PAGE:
This type of class still exists in music festivals today, and it’s great because it provides anyone and everyone an opportunity to enter the festival regardless of their age. If a string quartet made up of middle-aged doctors wants something to work towards, this kind of class awaits them, where they might be pitted against the Happy Acres Ensemble and chamber ensembles from arts high schools. It’s all fine as long as the playing field is more or less even. But every once in a while it isn’t, as was often the case with the recorder ensembles.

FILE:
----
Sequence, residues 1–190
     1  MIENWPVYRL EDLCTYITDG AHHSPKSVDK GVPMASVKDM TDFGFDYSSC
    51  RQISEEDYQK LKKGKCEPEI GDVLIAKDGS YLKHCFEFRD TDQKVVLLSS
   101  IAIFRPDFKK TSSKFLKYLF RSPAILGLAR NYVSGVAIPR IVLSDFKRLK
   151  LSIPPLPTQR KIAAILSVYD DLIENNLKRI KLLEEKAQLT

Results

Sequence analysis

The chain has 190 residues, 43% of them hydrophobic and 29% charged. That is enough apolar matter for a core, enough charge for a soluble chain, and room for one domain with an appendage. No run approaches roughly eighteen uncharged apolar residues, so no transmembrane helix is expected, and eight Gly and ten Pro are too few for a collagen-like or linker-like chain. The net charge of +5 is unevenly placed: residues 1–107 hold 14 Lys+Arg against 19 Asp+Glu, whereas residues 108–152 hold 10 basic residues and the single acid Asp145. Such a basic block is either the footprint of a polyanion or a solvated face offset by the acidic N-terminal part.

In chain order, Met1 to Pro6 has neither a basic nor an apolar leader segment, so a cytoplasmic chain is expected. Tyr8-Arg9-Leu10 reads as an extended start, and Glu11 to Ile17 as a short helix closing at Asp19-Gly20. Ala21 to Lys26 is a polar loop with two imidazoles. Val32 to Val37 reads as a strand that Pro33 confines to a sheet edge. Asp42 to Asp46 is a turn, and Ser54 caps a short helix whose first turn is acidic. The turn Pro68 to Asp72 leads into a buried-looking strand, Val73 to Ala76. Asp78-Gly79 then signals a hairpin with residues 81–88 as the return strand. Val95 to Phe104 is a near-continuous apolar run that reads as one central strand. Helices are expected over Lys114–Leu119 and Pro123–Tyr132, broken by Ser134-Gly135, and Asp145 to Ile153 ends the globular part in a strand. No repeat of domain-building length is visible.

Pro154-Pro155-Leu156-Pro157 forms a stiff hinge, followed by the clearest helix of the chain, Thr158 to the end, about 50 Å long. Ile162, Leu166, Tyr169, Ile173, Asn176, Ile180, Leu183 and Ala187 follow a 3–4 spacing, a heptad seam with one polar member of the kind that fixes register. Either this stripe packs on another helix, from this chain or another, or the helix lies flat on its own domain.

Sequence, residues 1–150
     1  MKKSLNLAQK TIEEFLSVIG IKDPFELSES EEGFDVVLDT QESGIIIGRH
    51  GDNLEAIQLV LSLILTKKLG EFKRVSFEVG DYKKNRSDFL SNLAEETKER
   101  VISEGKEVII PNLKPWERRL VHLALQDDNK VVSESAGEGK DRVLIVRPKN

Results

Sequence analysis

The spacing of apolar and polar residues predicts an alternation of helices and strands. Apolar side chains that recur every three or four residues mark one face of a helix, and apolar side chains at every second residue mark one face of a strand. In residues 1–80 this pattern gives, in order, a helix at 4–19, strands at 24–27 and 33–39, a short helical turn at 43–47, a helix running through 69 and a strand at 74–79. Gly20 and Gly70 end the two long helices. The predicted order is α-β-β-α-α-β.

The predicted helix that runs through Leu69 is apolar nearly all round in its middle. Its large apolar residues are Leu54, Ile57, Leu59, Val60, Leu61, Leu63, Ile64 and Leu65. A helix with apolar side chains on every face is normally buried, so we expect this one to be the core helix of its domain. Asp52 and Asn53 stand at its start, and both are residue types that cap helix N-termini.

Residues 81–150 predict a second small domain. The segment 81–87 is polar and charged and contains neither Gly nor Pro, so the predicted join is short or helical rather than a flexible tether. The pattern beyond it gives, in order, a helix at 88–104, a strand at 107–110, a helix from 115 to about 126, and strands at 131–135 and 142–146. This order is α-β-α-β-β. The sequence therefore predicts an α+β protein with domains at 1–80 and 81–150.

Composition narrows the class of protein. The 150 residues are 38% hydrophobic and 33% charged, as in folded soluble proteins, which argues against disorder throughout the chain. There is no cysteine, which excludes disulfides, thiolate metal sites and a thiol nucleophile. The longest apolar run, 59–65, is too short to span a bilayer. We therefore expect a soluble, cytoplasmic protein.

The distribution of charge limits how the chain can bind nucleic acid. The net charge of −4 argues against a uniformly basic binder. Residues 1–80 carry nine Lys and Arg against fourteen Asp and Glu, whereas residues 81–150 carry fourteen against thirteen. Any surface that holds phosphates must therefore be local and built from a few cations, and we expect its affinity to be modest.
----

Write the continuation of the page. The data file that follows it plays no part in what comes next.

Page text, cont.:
Anyway, the school group played very well, and we did pretty well too I guess, but for the adjudicator it must have absurd. On one hand, the choice for first and second prize between two groups so different in age and skill level might have seemed like a no-brainer, but actually making the choice was totally ludicrous and unnecessary. These events are supposed to be positive, encouraging experiences for the competitors, especially the younger, less seasoned ones. As long as I have memory, I’ll always recall how that adjudicator dealt with the situation, with his wise but uncommon decision in the competition-oriented, winning-supposedly-means-everything, music festival world. He strode to the front of the room, congratulated everyone on a job well done, made some good suggestions for both groups, and announced to the assembled mini-multitude that he was going to make it – a tie for first. Absolutely brilliant.